They soon cleared up this uncertainty when a second set of HST observations from the DDT program came in. This time the data was not made public straight away, as it usually is. Observers can ask for a short proprietary period if they have a good reason. Tanvir told me: 
"We didn't ask in the first instance, but after our experience with the first epoch, we argued that it was important to give sufficient time to do a careful analysis of the data without being rushed into publication." 
So, Tanvir and his team were given one month to work on the data exclusively, before it went public and they came out ahead in the next stage of the race with Berger et al. On Saturday August 3rd, the day that the second set of data went public, they had a paper published in Nature with Advance Online Publication: "A ‘kilonova’ associated with the short-duration γ-ray burst GRB 130603B" and posted it online at the arXiv. This paper incorporated the second epoch of HST data and new ground-based data and reported clear dimming of the source, as shown in the press release image put out by Space Telescope Science Institute (STScI) that accompanied the Nature paper. The publicity emphasized the strong evidence that the kilonova detection provides for the origin of short GRBs.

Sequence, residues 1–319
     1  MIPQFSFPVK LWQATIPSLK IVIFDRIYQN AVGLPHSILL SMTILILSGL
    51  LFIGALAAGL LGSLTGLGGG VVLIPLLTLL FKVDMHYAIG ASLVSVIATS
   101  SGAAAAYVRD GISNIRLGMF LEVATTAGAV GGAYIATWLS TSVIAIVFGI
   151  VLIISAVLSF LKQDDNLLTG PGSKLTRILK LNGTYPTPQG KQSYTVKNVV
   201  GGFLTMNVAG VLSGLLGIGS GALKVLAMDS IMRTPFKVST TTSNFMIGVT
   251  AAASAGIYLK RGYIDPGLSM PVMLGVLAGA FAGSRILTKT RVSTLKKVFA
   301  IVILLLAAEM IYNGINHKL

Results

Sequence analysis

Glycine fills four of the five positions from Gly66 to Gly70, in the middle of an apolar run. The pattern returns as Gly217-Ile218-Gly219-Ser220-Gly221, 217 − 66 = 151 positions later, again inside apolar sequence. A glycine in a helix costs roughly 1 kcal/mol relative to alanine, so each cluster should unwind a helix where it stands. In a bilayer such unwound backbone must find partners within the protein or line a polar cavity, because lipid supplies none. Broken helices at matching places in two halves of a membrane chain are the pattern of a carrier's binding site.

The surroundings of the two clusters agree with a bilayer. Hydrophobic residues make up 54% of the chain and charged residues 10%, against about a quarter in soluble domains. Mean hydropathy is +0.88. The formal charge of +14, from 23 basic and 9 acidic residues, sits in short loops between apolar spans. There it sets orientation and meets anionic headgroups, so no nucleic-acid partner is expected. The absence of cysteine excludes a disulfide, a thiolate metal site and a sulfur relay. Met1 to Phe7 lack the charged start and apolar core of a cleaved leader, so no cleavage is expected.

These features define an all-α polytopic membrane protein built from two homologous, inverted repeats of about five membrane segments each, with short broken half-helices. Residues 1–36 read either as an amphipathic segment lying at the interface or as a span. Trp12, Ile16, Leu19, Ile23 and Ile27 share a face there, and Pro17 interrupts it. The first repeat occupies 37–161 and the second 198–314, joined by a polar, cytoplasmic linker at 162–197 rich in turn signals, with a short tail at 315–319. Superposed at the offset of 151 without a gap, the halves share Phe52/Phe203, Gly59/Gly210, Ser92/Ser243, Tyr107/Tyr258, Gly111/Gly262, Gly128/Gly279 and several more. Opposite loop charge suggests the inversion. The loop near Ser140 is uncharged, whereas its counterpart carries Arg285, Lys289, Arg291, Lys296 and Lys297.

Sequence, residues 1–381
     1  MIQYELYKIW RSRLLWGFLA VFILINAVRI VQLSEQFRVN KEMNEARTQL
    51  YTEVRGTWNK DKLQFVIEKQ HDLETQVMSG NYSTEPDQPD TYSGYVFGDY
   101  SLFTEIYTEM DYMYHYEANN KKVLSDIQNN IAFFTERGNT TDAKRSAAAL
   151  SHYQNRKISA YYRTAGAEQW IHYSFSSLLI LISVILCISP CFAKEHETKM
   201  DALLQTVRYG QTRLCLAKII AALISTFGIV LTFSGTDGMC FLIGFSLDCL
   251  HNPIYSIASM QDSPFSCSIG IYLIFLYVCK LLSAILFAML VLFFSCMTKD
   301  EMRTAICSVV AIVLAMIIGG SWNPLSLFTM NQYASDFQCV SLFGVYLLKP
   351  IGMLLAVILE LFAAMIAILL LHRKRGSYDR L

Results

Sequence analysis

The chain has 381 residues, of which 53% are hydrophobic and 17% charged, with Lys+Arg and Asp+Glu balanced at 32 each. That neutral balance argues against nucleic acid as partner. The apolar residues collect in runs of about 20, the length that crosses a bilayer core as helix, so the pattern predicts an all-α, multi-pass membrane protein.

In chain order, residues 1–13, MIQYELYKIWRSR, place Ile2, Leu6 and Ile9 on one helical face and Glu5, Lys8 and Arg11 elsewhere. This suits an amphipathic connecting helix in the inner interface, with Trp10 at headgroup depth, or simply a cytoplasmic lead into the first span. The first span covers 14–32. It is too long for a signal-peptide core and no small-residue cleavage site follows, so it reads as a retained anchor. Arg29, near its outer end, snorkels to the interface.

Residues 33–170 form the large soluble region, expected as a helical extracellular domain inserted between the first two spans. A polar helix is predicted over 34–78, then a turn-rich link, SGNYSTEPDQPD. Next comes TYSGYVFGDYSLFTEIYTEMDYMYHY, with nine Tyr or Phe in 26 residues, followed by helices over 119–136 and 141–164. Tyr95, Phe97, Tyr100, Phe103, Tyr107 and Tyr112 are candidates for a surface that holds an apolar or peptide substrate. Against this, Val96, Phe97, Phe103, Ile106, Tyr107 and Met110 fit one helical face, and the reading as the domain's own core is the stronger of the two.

Publicity images from the Hubble Space Telescope for the Nature paper by Nial Tanvir et al. Credit: NASA, ESA, N. Tanvir (University of Leicester), A. Fruchter (STScI), and A. Levan (University of Warwick)
The Nature paper was received on July 16th and accepted on July 26th. I asked Tanvir what argument they made to Nature for such rapid publication and he said: 
"Nature were aware that there was a likelihood that the result of the second epoch would be published/publicised first elsewhere if their publication was not sufficiently quick. Of course, the normal refereeing process had to be adhered to, which could have delayed things, but thankfully didn't."
Their Nature paper is clearly very different from the "provisional report" they submitted to the arXiv earlier, not surprisingly because of the extra HST data. Ironically, their paper addresses the production of elements more directly than the Berger et al. paper by saying "it is speculated that this mechanism may be the predominant source of stable r-process elements in the Universe" and "If this simplest interpretation of the data is correct, it provides […] (ii) confirmation that such mergers are likely sites of significant r-process production."